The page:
Driving is a privilege, not a right, and violations can negatively affect your life. You may experience increased insurance costs and loss of your license, which can limit your ability to make an income.
Rules Of The Road
Alabama's vehicle code includes all the state's laws in reference to driving. Traffic violations are criminal acts that violate the code:
- Reckless driving, such as speeding
- Erratic lane changes
- Following too closely
- Not wearing a seatbelt
- Children riding without a child safety seats
- Suspended or expired license
- No insurance
- Driving under the influence, or DUI
There no bans on handheld cell phone use in Alabama, except for young drivers who are 16 or 17 years old and who hold intermediate licenses for less than six months.
Being Stopped by Police
If the police pull you over, you must do so safely and quickly. The officer may give you a ticket or a warning. Should the officer notice any illegal items in your vehicle, they will be confiscated. You and your vehicle also may be searched if probable cause exists.
Most citations are for minor infractions and appearing in court is not required. However, these offenses may carry a fine. You can simply pay the fine, but this is an admission of guilt. Serious violations may require jail time.
You can contest your traffic ticket by going to court and pleading not guilty. You may be able to come to an agreement with the prosecutor to avoid trial. If you do go to trial, you must present your evidence to the judge, including the testimony of witnesses and supporting documentation. Trials may be held in front of a judge or a jury. If you are found guilty, you may appeal the conviction.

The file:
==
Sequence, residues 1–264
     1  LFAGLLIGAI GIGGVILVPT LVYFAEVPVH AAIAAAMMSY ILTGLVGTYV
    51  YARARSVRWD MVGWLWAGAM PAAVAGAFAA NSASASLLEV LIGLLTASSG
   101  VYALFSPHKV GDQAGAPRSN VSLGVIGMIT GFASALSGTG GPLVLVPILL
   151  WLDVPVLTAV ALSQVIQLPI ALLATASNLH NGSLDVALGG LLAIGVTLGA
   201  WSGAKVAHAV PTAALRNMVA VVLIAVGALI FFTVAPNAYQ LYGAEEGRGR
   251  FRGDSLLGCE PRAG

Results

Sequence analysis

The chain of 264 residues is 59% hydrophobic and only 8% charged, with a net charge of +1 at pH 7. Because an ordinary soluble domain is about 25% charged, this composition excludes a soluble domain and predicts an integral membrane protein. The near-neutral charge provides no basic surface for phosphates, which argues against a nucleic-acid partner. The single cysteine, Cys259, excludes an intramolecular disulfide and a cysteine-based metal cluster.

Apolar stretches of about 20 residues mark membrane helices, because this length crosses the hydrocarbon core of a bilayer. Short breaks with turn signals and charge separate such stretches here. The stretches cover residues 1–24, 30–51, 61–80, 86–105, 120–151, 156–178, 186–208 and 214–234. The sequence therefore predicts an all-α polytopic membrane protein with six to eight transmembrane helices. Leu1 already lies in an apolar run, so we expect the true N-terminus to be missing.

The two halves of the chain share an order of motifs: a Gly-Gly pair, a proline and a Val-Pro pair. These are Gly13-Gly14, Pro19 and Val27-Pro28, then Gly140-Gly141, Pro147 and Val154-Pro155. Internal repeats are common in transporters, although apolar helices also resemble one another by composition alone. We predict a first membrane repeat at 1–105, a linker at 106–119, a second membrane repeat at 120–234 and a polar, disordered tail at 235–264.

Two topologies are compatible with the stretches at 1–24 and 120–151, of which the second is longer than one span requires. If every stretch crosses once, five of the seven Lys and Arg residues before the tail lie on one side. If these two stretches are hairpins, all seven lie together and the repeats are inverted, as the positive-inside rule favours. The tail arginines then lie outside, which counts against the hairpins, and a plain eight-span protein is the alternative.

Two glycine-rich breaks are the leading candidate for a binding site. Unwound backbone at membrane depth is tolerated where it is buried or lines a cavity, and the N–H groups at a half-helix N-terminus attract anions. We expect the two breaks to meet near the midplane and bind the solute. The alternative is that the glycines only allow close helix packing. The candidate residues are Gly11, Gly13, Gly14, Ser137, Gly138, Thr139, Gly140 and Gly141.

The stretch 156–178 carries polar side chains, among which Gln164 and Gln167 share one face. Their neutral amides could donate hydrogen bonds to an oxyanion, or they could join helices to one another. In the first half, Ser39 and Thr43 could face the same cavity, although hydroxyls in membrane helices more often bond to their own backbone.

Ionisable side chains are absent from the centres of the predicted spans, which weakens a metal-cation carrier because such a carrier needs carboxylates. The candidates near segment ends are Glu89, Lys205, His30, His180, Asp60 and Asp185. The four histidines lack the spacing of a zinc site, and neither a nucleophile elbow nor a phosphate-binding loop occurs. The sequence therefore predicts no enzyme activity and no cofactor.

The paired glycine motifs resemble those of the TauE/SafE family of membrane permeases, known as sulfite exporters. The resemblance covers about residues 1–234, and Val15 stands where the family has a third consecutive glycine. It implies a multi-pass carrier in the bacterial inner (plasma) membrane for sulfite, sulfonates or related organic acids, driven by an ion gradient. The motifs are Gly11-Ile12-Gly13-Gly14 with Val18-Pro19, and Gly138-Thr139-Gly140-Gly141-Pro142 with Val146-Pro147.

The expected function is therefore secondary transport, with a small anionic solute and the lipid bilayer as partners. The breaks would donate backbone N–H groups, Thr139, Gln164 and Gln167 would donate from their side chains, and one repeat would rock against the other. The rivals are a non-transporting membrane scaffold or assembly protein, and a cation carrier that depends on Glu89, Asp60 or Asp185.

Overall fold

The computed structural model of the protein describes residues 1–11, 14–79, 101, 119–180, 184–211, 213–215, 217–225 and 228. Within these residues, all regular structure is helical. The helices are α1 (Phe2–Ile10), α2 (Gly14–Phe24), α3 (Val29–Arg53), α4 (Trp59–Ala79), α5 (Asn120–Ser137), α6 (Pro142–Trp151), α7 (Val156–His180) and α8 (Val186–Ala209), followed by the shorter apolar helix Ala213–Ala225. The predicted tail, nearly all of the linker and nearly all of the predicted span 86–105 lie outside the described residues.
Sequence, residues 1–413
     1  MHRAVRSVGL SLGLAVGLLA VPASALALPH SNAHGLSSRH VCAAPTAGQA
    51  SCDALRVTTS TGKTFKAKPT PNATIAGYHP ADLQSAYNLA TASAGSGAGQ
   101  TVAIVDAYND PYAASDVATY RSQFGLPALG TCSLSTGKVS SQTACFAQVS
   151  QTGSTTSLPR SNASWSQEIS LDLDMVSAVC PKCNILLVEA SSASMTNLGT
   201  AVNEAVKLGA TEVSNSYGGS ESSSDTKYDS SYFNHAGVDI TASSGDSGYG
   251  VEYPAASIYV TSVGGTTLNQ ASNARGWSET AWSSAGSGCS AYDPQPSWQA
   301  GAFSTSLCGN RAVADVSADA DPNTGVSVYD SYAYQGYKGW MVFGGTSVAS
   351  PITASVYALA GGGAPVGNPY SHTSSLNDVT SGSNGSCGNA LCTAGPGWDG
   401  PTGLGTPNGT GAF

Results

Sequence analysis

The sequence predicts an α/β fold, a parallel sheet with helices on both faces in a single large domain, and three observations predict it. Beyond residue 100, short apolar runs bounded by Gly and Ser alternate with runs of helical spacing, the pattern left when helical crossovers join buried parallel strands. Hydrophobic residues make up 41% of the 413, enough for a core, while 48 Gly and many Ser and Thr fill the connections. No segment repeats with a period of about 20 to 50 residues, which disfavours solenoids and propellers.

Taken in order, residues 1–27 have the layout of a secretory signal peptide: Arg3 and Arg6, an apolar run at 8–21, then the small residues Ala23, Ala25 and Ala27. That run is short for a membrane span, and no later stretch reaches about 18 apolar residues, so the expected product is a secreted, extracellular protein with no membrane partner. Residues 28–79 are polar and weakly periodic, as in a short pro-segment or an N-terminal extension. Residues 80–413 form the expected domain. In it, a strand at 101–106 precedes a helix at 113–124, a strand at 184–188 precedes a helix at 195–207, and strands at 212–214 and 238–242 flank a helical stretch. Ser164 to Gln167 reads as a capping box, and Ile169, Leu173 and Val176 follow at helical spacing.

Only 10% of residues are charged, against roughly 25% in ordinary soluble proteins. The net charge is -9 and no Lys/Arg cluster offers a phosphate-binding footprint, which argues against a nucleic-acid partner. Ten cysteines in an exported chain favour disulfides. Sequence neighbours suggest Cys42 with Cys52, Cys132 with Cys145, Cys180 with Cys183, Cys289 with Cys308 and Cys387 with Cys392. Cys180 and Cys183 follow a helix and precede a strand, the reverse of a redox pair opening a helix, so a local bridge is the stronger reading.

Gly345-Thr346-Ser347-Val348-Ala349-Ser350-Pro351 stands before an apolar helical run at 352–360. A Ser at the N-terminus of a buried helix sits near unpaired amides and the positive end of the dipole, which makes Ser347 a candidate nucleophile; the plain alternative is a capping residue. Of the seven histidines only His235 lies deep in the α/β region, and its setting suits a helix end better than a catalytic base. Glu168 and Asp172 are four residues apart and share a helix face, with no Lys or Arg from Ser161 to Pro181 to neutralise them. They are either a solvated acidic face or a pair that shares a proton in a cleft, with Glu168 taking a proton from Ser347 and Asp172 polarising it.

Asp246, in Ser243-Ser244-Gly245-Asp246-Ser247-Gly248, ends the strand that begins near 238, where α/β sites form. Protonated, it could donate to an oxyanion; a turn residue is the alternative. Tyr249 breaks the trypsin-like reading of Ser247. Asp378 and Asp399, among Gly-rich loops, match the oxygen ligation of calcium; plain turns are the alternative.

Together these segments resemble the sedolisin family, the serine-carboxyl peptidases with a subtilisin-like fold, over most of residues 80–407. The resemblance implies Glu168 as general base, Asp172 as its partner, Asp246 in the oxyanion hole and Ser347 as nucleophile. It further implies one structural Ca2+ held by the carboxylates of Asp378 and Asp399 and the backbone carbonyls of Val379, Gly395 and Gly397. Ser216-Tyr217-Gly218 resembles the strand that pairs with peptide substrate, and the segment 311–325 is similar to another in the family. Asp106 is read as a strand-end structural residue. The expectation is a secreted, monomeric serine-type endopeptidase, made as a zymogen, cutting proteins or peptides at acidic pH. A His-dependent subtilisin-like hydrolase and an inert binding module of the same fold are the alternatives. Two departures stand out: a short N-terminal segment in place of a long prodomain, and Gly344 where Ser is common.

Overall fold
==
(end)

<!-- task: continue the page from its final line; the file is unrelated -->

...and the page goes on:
You must be at least 15 years old to get a learner's permit in Alabama. You must practice driving for at least six months before you can take the test to get your regular license. You must be at least 16 years old to get a regular driver's license. You must carry liability insurance, and have valid registration. Your license must not be suspended for any reason.
Driving while intoxicated is very dangerous and carries severe penalties. Should you refuse testing, your license will be suspended right away. The implied consent condition of receiving a license from the Alabama Department of Motor Vehicles states that refusing a test voids your driver license. Depending on the nature of your violation, you may be arrested and arraigned. You are under the influence when your blood alcohol level reaches 0.08 percent or higher.
A point system tracks your infractions. If points add up, your license may be suspended or even revoked. Points range from two to six depending on the infraction:
- Speeding one to 25 miles per hour over the speed limit adds two points.
- Speeding 26 or more miles per hour over the speed limit adds five points.
- Reckless driving adds six points.
Taking driving courses may reduce points. If your license is suspended, you may not drive at all.
When your license suspension is over, you may apply for reinstatement. You must pay all associated fees and fill out the reinstatement form. Reinstatement is only available at certain Alabama DMV locations. Call ahead to verify. You will be notified of a time and place for a hearing, interview or investigation to determine when and if you are eligible for reinstatement.
Do You Need an Attorney?
Traffic laws are always updating and changing. Consult with an attorney, especially if you are fighting a ticket for a serious offense.